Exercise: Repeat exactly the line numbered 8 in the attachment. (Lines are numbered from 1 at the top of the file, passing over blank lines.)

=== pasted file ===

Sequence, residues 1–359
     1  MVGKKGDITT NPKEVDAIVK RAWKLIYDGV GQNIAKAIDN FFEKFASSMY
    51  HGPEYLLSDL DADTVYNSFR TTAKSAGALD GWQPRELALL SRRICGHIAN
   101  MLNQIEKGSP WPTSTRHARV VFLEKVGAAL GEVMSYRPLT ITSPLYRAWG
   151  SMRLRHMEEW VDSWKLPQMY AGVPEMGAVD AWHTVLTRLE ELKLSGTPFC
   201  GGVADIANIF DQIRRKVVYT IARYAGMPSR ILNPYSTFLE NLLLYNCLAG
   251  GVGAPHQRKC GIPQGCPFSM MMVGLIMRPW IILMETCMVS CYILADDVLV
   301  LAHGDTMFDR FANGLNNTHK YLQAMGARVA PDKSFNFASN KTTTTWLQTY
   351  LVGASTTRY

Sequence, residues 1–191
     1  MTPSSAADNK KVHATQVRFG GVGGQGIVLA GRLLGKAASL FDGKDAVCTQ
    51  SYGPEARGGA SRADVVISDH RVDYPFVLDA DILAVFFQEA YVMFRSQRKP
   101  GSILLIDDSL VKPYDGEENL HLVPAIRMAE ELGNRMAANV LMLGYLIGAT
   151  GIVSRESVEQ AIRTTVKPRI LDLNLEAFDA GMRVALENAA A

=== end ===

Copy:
   301  LAHGDTMFDR FANGLNNTHK YLQAMGARVA PDKSFNFASN KTTTTWLQTY